You need to cull anything that started this year that just hasn’t worked. I’m going to guarantee you that there’s a meeting you set up or a group, or a cross functional team, or an initiative.

There’s something, there’s probably at least two, three, four things that started this year and you know they’re just not cutting it.

Now what happens with most of us is we let that continue for three, four years until we’ve got this inventory of stuff that’s not working and it’s really beginning to make our decision making and implementation processes arthritic.

Don’t let that happen. Cull every year. What did you start this year that’s not working? Cull it.

Fourth thing: What do you want to do is restock your inventory?

It’s sort of like if you had a retail store right after a busy season, you got to restock your inventory.

It’s really important for you to realize that it doesn’t matter what your organization does, whether you’re for profit, not for profit, NGO, cause based, faith-based plastic extrusion manufacturer, whatever.

Your key inventory isn’t actually anything that’s on the shelves. It’s the people who work with and for you, and as a group you’re going to have run down some inventory.

Maybe people have lost the ability to have fun this year. Maybe just an edge has come off their productivity. Maybe their engagement has diluted somewhat this year.

Take a look at your inventory, your people, and decide what you need to restock in.

Do you need to have some sort of a social event that will enable you to sit with your folks and re energize them?

Do you need to make some changes to working hours for awhile next year just to let people refocus?

Do you need to bring them new tools to help them get their productivity level up?

So: Manage the Narrative, Straighten Your Angels, Cull, Restock Your Inventory and finally, and most importantly of all of these – -and the one step that’s going to be the move, the pivot from this year to next year, and that is to Center Yourself.

And what do I mean by that?

I mean you’ve got to be prepared to pivot from this year to next year. There is a saying, which I have somewhat mangeled, that originally came from my good friend Marshall Goldsmith.

He wrote a book, great book called ‘What got you Here Won’t get you There’.

And in my observation of growth leaders, the most important version of that is “What got Me Here, won’t get Us There”.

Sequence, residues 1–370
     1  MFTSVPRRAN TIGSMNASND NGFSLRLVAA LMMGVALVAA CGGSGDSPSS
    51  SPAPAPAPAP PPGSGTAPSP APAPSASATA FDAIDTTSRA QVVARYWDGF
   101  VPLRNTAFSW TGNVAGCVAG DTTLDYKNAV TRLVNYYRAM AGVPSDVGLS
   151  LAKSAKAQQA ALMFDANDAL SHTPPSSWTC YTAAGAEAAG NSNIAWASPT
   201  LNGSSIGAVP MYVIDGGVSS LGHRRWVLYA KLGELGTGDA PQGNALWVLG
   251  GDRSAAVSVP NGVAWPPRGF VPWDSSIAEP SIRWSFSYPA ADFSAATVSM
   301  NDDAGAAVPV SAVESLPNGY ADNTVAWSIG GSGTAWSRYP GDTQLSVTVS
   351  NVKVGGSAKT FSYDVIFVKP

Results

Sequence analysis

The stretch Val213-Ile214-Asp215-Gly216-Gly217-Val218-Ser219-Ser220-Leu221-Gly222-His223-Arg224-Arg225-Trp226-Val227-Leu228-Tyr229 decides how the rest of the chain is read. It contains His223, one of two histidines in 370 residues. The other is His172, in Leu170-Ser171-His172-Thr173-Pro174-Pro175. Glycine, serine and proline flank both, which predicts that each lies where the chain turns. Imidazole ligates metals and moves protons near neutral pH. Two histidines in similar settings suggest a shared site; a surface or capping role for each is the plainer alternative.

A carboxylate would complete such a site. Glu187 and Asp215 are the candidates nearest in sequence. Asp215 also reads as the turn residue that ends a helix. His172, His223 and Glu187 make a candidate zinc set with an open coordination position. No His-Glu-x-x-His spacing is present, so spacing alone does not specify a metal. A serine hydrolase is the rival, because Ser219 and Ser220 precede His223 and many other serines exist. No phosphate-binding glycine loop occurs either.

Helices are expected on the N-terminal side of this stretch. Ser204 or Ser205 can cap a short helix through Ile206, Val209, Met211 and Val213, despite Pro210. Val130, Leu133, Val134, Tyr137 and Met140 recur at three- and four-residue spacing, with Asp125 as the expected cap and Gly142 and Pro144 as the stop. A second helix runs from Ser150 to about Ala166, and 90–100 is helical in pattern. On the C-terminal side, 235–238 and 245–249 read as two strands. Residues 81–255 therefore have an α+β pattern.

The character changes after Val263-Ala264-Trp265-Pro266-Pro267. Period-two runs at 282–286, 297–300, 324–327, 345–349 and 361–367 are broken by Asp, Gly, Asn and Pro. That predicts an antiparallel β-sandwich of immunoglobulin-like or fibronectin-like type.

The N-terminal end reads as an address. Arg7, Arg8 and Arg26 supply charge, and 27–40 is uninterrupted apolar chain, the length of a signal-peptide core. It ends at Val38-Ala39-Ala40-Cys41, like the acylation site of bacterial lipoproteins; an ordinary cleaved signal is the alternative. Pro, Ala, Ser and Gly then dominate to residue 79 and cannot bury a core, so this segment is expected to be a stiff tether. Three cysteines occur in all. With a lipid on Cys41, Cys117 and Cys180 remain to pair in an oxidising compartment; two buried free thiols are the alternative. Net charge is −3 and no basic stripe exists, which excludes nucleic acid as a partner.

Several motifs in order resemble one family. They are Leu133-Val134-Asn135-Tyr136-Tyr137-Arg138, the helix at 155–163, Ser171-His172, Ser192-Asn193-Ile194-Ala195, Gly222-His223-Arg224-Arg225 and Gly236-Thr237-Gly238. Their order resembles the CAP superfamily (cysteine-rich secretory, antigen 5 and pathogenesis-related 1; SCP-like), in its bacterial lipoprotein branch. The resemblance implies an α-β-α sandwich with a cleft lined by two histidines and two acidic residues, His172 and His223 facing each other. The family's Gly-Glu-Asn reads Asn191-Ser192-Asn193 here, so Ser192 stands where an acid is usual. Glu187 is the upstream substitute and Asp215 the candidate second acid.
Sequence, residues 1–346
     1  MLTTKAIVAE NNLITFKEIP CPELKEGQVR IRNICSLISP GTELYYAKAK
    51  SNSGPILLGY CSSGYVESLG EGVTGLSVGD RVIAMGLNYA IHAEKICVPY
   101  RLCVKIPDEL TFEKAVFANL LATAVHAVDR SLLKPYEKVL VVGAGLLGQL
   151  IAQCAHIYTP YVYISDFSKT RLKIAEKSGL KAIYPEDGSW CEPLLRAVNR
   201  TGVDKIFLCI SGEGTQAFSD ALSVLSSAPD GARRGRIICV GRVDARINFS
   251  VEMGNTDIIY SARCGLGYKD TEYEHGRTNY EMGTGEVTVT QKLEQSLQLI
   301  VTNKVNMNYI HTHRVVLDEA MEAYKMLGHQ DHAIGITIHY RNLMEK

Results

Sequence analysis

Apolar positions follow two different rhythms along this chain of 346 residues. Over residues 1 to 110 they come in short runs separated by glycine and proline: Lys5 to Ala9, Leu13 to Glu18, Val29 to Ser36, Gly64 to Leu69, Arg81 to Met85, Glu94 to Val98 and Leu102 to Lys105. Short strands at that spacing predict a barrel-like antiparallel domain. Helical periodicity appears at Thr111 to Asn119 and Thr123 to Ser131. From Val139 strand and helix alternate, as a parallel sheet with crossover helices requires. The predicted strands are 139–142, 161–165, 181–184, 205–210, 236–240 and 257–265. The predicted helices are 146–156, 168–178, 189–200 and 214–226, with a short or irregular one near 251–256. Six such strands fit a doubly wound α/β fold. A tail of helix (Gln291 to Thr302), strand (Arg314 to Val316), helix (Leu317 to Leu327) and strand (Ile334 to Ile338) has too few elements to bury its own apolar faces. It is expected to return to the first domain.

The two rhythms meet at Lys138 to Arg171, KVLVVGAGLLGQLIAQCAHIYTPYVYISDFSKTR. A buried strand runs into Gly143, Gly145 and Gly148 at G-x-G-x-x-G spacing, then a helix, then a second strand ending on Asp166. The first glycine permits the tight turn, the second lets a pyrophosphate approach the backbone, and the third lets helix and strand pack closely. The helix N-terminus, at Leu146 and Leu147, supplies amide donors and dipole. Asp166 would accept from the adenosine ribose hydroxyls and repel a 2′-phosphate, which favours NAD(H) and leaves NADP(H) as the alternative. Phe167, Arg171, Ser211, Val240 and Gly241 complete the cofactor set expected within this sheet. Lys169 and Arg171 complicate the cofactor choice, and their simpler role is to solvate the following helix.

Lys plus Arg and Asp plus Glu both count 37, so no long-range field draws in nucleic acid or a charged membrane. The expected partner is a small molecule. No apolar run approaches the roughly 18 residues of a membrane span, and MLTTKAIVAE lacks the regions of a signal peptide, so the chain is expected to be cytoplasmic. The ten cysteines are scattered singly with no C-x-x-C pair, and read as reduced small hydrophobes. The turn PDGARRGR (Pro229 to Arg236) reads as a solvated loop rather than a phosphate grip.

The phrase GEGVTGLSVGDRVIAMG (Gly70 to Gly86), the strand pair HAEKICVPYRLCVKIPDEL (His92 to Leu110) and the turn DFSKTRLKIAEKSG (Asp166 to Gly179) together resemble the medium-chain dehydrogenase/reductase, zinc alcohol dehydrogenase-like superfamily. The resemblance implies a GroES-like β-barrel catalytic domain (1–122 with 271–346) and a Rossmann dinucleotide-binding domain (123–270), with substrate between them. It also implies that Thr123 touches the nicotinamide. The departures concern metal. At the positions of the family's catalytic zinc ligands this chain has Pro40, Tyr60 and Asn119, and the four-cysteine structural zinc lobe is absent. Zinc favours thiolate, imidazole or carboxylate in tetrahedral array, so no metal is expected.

I’ll say that again “What got Me Here, won’t get Us There”.

In other words, at the end of the year, it’s essential for you to take stock as to how you’ve developed as a leader in the year past and think about what’s required of you in the year ahead.

And there’s a simple way to do that. It sounds very complex and inward-looking and, you know, a lot of, uh, woo-woo stuff – but it can be done very simply. I want you to take a blank sheet of paper, draw a line down the middle.

And in the left side I want you to write out the five or six key defining characteristics of you as a leader on January 1st at the start of this year that’s now ending.

What are the four or five key characteristics or key words you would use to describe yourself as a leader back on January 1st.

On the right side, write down the four or five characteristics that you would use to describe you as a leader right now.

I want to suggest something to you. If there is absolutely been no change during the course of this year, then that means you’re probably not leading as effectively as you can and should be and that your leadership will come under stress and strain next year – because the demands of leadership change as our organizations grow.

So having looked at that and seeing how you’ve changed over the year, I want you then to look at your current characteristics.

Those four or five things that would define you as a leader right now. I want you to ask yourself which one of these do I most need to double down on for next year.

 That’s the first thing.

The second thing I want you to ask yourself is which of these is actually going to be problematic for our people next year.

And the third thing I want you to ask – and this is the hardest one to answer – as you look at that, I want you to think what’s missing on this list?

What is there about me as a leader that isn’t there, that I need to develop.

So I hope that’s been helpful for you.

Don’t forget our five things.

First of all, Managing the Narrative. Secondly, Straighten Your Angels. Three, Cull. Four: Restock Inventory, and five: Center Yourself.

Now, as I’ve said all through both these videos, what this is all about is setting the stage for next year.

As I have said a number of times, the key reason I’m teaching how to close out this year so well, is in order to give you the best possible runway for those vital 45 days that start next year.

You need to have 80% of what you want to achieve next year baked in by Valentine’s day, February 14th.

So I want you to think about whether or not you would be interested in a course that I’m going to personally facilitate, which I’m calling the “45-Day Sprint to Success”.

Now I realize I haven’t given you many details about that, but if you would like the details of it’s something that in general you’d be interested in, then just put your email address right below the video here and confirm your interest.

We’ll get those details to you, and then I hope to see you on the 45-Day “Sprint to Success”!

Are you interested in joining me on a 45-day Sprint to Success? Drop your email below and we’ll send  you the info!